tragedy at Fort Hood

Posted in Uncategorized by Diana on November 6, 2009

I have friends in different branches of the military so hearing about the tragedy at Fort Hood affected me on a personal level. I reached out to friends who are in the Army. I hope they or their friends didn’t know anyone at Fort Hood. If they or their friends do, I hope those people are safe and accounted for. I hope anyone you know is too.

I want all of you to know that as commander-in-chief, there’s no greater honor, but also no greater responsibility for me than to make sure that the extraordinary men and women in uniform are properly cared for and that their safety and security when they are at home is provided for.

– President Barack Obama’s remarks following the Fort Hood tragedy

I think President Barack Obama is an eloquent speaker who doesn’t use his words lightly so I believe him. Mister President, please take care of our troops and get us out of war.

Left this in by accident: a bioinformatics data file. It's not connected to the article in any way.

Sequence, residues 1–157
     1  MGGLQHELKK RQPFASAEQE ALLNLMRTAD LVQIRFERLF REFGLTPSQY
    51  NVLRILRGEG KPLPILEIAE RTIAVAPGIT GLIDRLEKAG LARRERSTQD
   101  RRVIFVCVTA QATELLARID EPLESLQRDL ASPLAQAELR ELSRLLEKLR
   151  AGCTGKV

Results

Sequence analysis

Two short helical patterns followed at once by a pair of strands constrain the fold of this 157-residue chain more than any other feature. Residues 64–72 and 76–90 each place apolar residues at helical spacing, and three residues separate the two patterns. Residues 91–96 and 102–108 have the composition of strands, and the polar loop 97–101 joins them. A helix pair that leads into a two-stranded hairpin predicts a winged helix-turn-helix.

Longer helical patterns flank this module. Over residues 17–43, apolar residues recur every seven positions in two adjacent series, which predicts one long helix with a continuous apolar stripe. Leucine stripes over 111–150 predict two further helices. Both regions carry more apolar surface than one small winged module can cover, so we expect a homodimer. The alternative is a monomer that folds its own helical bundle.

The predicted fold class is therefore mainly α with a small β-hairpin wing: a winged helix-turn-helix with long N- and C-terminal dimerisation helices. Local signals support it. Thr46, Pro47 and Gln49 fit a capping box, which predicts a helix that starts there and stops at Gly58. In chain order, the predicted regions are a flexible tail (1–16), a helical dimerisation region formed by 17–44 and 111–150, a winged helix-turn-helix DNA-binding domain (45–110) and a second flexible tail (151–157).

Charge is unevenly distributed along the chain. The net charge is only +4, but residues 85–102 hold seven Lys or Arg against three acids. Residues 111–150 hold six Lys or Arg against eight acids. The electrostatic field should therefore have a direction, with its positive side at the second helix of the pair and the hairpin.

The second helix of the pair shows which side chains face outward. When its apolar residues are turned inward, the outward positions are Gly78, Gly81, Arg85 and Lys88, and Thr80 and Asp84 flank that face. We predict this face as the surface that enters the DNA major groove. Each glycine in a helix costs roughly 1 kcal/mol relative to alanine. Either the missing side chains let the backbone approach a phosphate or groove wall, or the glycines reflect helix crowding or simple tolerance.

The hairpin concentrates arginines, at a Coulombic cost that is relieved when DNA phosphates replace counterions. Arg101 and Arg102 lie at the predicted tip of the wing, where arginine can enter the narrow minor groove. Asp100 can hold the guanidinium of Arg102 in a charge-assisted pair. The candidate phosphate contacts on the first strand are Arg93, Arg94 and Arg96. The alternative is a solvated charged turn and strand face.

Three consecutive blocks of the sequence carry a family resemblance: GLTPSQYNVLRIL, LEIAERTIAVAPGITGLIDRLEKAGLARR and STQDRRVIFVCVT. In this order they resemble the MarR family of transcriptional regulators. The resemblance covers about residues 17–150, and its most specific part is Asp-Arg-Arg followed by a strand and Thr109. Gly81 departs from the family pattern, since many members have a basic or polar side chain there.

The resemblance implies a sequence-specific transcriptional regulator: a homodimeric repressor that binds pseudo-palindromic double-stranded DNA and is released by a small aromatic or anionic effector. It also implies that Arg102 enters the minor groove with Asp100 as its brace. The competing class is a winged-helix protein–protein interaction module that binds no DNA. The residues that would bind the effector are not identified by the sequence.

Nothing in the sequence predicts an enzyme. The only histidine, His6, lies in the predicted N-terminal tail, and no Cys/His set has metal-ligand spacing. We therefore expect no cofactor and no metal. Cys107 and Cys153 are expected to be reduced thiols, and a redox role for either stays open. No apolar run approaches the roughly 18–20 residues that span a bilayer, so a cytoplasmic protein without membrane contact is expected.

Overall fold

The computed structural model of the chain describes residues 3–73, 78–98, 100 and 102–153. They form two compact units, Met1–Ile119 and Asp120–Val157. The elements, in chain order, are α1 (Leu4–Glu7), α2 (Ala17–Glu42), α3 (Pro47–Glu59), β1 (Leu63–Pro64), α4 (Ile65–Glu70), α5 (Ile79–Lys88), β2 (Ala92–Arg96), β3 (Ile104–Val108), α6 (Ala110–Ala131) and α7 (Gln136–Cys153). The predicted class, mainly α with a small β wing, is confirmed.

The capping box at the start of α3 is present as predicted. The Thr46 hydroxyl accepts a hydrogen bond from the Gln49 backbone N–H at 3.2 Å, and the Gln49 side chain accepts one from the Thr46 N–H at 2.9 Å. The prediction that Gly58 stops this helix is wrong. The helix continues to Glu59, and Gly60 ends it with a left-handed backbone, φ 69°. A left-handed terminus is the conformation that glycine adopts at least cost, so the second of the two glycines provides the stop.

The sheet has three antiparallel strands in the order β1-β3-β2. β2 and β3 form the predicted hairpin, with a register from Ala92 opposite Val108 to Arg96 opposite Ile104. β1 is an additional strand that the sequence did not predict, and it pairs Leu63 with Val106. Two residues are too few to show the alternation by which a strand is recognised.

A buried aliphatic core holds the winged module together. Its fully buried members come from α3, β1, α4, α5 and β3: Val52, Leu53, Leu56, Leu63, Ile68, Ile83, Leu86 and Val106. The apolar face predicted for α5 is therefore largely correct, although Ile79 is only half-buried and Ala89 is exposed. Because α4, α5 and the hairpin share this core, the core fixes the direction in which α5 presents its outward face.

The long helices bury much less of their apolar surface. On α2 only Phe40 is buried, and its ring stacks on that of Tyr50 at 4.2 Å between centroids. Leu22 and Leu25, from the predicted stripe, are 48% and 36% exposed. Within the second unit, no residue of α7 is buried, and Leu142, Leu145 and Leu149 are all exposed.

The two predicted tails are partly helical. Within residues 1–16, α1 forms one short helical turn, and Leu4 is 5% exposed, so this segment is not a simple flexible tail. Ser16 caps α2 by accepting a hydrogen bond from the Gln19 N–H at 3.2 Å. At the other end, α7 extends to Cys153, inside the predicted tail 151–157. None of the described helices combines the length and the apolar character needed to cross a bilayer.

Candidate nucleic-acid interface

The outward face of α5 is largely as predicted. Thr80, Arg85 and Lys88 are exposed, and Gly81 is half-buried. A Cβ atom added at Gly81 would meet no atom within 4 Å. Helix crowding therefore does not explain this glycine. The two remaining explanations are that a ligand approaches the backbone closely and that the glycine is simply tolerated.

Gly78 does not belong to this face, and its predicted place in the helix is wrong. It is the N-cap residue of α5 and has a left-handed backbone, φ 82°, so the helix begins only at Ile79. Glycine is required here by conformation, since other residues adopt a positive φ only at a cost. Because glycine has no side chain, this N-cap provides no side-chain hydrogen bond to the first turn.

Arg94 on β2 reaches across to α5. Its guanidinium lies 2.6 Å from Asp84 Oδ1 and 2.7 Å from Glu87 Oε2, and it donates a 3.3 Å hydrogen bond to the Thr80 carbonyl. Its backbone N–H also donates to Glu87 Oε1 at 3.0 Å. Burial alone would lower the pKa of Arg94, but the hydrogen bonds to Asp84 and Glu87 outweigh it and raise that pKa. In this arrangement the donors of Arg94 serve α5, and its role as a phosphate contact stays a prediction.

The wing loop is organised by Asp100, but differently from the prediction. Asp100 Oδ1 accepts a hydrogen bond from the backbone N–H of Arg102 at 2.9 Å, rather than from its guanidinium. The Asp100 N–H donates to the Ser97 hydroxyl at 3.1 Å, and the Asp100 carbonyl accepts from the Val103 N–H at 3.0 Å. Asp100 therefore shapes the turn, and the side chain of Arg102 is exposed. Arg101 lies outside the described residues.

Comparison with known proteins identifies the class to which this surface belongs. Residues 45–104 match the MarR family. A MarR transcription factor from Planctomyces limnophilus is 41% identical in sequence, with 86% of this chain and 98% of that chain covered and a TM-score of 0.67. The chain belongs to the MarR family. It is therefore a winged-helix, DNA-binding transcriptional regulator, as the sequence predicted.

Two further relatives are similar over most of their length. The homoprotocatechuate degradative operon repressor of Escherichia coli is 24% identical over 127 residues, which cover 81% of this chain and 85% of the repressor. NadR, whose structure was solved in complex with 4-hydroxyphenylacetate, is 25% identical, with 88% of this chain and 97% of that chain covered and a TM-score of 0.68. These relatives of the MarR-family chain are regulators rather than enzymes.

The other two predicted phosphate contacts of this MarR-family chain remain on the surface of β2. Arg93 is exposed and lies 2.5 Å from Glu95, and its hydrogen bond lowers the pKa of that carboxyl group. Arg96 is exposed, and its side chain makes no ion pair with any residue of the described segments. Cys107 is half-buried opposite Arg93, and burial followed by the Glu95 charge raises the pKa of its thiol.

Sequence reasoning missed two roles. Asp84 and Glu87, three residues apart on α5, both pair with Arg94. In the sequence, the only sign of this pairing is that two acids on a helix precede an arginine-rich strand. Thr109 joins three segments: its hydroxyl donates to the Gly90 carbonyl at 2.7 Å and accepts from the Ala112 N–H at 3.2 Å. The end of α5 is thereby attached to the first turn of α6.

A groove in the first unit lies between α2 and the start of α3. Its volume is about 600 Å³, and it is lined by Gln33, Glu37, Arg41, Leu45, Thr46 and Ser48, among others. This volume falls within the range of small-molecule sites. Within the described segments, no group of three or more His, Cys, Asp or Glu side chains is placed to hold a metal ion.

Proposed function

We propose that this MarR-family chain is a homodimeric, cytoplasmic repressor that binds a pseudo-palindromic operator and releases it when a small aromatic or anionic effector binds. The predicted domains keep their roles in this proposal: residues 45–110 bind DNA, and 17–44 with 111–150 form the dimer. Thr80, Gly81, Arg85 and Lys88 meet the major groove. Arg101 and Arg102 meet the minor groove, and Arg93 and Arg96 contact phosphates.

As mentioned in my previous post, I live across the street from Walter Reed Medical Army Medical Center (WRAMC). On weekdays, there are usually streams of people – military personnel and civilians – walking in both directions.

Today was different. I immediately felt a change in the air when I left my apartment this morning. There weren’t any soldiers or civilians standing on the corner waiting for the traffic light to change so they could cross the street and head into WRAMC. There wasn’t anyone walking around on the grounds. Hardly any vehicles were turning into the campus.

The walk to the metro station was eerily quiet, too. I passed only a handful of people, one of who was an Army man. Feeling all but helpless, I stopped this soldier to offer my condolences. “I’m sorry about what happened at Fort Hood.” He thanked me and we continued our separate ways.

And that’s when I felt the news hit me on an emotional level. (I know, what?!) I struggled to maintain my composure during the metroride into work but I did it!

I have a colleague whose husband is a doctor in the Army. We talked about the incident and, as it turns out, he went to medical school with the gunman. That was an unexpected piece of news. The consensus was complete shock and disbelief.

Talk to people. Talk to people. Talk to people. Or talk to someone. If you don’t have someone, talk to me. I will listen. If you don’t want to talk, we can sit. Or go somewhere. Hiking, perhaps?

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